Reasons you were turned down for a credit card

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There are many reasons to apply for a credit card. You may want to take advantage of a rewards program or maybe start building your credit history. Whatever your reason, getting denied for a credit card can be a real downer.

This article will look at why you may have been turned down for a card and what you can do about it.

You Have Too Many Recent Credit Applications

If you’ve recently applied for a mortgage pre-approval, a debt consolidation loan, a car loan, or another credit card, your credit card application might be denied. This is because when you apply for a new loan or credit, a hard inquiry is performed on your credit file. If there are multiple hard inquiries on your file within a short period of time, banks will take this as a sign that you’re “credit hungry.” Consequently, they will see you as a risky applicant who may be taking on too much potential debt too quickly.

Your Credit Score isn’t High Enough

Your credit score is a three-digit score that everyone from banks to landlords uses to judge how responsible you are with managing the money you’ve borrowed. It’s kind of like a report card for your finances.

If your score isn’t high enough, you won’t qualify for some cards. Banks don’t state explicitly that you need a specific score for approval, but in general, the higher your score, the better. Therefore, it’s a good idea to check your score online. If you only have a credit score of 620 or less, this likely explains your rejection. However, all is not lost. There are credit card products known as secured cards, which have very lenient approval requirements, and their purpose is to help you rebuild your score.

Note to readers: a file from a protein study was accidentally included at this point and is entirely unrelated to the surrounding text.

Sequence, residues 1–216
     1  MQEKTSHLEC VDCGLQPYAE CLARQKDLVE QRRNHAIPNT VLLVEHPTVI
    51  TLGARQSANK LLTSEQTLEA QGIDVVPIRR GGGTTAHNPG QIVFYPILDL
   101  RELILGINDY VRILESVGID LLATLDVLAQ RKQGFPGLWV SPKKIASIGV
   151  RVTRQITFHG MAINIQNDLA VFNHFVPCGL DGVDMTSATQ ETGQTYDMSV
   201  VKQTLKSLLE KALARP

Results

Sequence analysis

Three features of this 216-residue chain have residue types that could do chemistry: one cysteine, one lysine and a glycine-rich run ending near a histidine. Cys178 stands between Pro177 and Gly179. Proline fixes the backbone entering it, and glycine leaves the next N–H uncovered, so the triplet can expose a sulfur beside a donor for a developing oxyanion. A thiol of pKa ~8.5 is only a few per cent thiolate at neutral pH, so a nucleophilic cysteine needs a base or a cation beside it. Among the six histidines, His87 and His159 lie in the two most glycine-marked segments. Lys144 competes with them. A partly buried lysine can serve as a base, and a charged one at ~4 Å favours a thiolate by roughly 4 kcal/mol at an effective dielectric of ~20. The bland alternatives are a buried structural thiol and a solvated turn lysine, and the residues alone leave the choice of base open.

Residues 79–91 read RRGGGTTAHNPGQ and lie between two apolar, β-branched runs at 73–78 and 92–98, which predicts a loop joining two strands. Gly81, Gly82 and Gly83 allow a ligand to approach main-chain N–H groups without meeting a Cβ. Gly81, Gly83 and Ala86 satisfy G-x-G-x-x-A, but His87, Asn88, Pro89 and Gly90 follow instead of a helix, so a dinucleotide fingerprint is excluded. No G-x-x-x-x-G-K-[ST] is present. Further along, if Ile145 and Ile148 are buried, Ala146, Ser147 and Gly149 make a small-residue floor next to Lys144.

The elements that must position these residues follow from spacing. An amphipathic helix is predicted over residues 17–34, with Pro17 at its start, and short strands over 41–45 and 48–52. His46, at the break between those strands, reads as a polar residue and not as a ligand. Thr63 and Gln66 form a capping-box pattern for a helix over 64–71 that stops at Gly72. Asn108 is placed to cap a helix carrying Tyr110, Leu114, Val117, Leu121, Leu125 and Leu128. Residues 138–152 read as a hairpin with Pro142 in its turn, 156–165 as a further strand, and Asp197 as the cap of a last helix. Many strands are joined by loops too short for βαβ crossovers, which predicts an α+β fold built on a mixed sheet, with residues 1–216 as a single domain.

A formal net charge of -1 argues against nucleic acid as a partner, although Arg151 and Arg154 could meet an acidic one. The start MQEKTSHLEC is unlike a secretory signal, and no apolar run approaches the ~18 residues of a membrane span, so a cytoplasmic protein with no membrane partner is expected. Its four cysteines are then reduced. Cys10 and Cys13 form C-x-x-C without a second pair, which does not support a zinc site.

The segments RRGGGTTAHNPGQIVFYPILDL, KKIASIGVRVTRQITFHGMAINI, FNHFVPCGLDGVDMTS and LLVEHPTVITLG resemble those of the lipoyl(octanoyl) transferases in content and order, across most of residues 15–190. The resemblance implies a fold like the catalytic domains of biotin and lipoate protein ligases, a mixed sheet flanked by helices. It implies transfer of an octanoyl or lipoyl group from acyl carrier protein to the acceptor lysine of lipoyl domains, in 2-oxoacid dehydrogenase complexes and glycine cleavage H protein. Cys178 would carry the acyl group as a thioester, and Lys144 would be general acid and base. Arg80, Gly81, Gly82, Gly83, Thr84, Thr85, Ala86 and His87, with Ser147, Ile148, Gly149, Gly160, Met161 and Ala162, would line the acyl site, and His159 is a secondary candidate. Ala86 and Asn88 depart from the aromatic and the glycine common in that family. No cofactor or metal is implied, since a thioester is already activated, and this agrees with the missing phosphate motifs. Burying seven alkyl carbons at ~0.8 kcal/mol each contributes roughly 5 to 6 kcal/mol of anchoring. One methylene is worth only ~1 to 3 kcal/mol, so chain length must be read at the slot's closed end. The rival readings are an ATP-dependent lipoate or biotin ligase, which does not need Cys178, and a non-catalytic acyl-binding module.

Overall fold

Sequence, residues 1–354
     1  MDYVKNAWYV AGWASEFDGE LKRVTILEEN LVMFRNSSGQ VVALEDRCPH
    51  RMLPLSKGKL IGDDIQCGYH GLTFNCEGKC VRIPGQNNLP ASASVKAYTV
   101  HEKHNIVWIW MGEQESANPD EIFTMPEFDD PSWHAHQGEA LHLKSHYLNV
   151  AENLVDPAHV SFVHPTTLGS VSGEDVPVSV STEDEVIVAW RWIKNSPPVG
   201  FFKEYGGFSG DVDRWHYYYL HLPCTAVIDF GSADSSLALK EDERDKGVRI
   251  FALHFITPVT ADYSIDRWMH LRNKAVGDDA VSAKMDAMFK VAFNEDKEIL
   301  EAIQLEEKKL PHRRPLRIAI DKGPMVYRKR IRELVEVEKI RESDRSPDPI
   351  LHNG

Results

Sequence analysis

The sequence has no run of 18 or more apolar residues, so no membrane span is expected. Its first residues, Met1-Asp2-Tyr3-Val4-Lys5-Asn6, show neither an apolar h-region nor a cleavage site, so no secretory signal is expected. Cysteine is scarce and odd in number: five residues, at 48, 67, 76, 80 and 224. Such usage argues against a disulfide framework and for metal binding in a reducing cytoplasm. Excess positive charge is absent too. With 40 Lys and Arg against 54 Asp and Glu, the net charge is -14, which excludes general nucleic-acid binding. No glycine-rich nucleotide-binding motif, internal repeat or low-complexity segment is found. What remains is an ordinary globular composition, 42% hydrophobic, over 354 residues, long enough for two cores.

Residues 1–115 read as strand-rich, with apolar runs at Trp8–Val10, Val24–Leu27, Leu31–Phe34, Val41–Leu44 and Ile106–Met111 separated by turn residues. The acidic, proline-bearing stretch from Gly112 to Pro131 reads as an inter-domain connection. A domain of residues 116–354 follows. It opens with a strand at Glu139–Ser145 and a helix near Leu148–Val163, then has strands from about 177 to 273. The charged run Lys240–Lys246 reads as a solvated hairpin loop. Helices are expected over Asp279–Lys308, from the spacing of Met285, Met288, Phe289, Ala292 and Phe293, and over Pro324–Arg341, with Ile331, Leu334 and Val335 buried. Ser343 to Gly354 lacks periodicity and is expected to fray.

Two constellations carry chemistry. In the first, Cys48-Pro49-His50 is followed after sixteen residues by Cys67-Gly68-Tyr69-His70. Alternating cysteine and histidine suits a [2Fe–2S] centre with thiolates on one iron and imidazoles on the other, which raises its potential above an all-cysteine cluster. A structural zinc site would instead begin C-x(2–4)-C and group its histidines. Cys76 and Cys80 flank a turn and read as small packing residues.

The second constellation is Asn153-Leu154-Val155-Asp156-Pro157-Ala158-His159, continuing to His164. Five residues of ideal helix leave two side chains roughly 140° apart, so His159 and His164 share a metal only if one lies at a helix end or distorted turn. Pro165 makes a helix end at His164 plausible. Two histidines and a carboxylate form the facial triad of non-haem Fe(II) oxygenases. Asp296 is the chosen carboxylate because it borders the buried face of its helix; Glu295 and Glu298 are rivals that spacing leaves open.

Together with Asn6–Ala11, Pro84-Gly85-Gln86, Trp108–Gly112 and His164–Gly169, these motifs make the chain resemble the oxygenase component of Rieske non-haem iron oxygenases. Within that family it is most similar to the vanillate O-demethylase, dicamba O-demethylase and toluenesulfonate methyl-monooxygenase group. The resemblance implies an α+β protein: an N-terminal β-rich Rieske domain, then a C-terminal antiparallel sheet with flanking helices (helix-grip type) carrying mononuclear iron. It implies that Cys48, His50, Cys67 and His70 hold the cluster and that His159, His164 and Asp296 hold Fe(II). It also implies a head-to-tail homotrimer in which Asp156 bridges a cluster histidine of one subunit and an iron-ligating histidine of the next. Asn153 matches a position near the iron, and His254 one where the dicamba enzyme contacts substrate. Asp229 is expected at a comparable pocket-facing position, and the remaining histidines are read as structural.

You Have A Lot Of Existing Debt

If you already owe a large amount of debt on your existing credit card or multiple cards and loans, a bank may be reluctant to approve you. This is because they may be afraid that you’ll have trouble handling another monthly payment and may be at a greater risk for defaulting.

It’s worth knowing that banks and lenders don’t usually measure your high debt load regarding the actual dollar amount you owe. Instead, they look at the size of your debt relative to your total credit limit or total income. As a general rule, you shouldn’t have a debt-to-income ratio of more than 37% or carry over 30% of your total credit limit as debt.

You Don’t Have a High Enough Income or Your Income is Unstable

To extend your credit, banks need to feel confident that you have a sufficient and stable income so you can make the monthly payments. In fact, some cards specifically state that you have to have a minimum income to qualify. For instance, Visa Infinite Cards require a personal income of $60,000.

If you’re a freelancer or work on commission, you may be flagged as a higher-risk application because your income is inconsistent. Therefore, you should provide the bank with additional documentation with your application that details your employment or income history (such as a Notice of Assessment from your Income Tax Return).

Your Credit History is Insufficient

If you’re applying for credit for the first time, you’ll have what’s known as a thin credit file. In other words, you don’t have enough of a track record of managing borrowed money and making on-time payments for the bank to feel they can trust you with a new line of credit. Fortunately, there are many entry-level student credit cards and secured cards designed for people who don’t have a credit history.


These are just some of the reasons why a bank may deny you a credit card. It’s important to know why you were turned down so you can correct the issue. However, in some cases, this might be a long process. For instance, if you have a lot of existing debt, it might take some time for you to reduce it, and unfortunately, until you do, it is neither wise nor likely that you’ll be issued a credit card.